Sugar Run Trail Closed to Horses
The Sugar Run Trail is temporarily closed to horse use due to the number of fallen trees as a result of recent storms. The trail is still open for hikers, but hikers should use caution.
Shuttle to Hensley Settlement
There will be no shuttle or tour to Hensley Settlement on August 10, 2014. Tours on other days will continue to be offered as scheduled. For questions and more information please call the park visitor center at (606) 248-2817, extension 1075.
Back the Bears!
Support the park's "Back the Bears" campaign and help keep our bears wild and safe! More »
Cave Tour Alert!
White Nose Syndrome is a disease that is killing bats in great numbers and has been found in park caves. While visiting Gap Cave please do not wear or bring anything that has been in other caves. Skylight Cave is currently closed.
Wild Turkey Federation Shows Support for the National Park Service
Contact: Carol Borneman, (606) 248-2817
Thanks to a generous donation by the Cumberland Gap Tri State local chapter of the National Wild Turkey Federation (NWTF), a mounted turkey is now on display at Cumberland Gap National Historical Park’s headquarters. When presenting the four-bearded turkey to Park Superintendent Mark Woods, Sammy Mars, Secretary for the NWTF’s National Board of Directors explained, “Cumberland Gap is truly a treasure located right in our back yard. Whether visitors, conservationists, history buffs, photographers, hikers, birders or hunters, we should all be thankful for the resources protected in the park.” Mars furthered explained that while hunting is not allowed in the park, hunters do benefit from the turkeys that wander outside of park boundaries. Vondale Russell, President of the Cumberland Gap Tri State local chapter, commented that the NWTF applauds Cumberland Gap and the National Park Service for the scientific wildlife management tools, including prescribed burns, employed to further enhance wildlife habitats.
In accepting the turkey, Superintendent Mark Woods shared the success story of wild turkeys which were released in the park by the Kentucky Department of Fish and Wildlife Resources in October 1973. “Wild turkeys were native to the area. Daniel Boone and other early explorers frequently noted the rich abundance of wildlife which roamed the mountains. Hunting intensified as the area became settled, forest habitats were cut down and turkey populations dwindled. But thanks to the 1973 reintroduction, the gobble of the turkey now reverberates throughout the park.” Woods also remarked that the National Park Service preserves cultural, historical and natural resources for the enjoyment of present and future generations. “The release of wild turkeys in 1973 was consistent with National Park Service directives in restoring native animal populations in parks where they had been extirpated by past human-caused actions.”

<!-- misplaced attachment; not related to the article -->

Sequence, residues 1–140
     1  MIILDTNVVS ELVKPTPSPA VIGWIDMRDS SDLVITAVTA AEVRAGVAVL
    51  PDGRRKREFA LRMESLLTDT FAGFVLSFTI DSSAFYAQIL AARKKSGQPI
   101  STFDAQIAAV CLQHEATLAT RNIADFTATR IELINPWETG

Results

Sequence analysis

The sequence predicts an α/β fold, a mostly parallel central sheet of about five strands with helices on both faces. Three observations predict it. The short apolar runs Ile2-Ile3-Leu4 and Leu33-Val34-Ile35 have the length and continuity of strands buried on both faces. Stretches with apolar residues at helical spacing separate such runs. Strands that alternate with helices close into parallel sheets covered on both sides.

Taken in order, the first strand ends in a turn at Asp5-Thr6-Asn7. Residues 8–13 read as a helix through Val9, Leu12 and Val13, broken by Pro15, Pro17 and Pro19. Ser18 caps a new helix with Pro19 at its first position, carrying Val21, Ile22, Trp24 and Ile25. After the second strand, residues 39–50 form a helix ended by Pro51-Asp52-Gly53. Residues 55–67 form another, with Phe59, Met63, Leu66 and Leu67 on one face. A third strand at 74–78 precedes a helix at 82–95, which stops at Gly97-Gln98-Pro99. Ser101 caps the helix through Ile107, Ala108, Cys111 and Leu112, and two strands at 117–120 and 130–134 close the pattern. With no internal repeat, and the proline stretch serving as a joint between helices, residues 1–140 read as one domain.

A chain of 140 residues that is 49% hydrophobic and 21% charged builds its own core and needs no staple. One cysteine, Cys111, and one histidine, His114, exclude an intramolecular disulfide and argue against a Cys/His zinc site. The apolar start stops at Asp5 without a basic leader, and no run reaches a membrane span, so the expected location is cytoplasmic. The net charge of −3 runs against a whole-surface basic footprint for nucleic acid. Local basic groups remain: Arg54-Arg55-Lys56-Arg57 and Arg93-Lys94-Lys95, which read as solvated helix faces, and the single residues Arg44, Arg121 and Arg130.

Superintendent Woods invites all to stop by park headquarters to view the “tom.” But Woods also extends an invitation “to take a stroll through the park and see for yourself this magnificent bird and hear its explosive gobble!”
About the National Wild Turkey Federation
The National Wild Turkey Federation www.nwtf.org is a grassroots, nonprofit organization with more than 500,000 members in 50 states, Canada, Mexico, and 14 other foreign countries. It supports scientific wildlife management on public, private and corporate lands as well as wild turkey hunting as a traditional North American sport.
Did You Know?
Between 1775 and 1810 some 300,000 settlers crossed Cumberland Gap and began settling the land west of the Appalachians. These brave pioneers were following dreams of prosperity in the wilderness of Kentucky.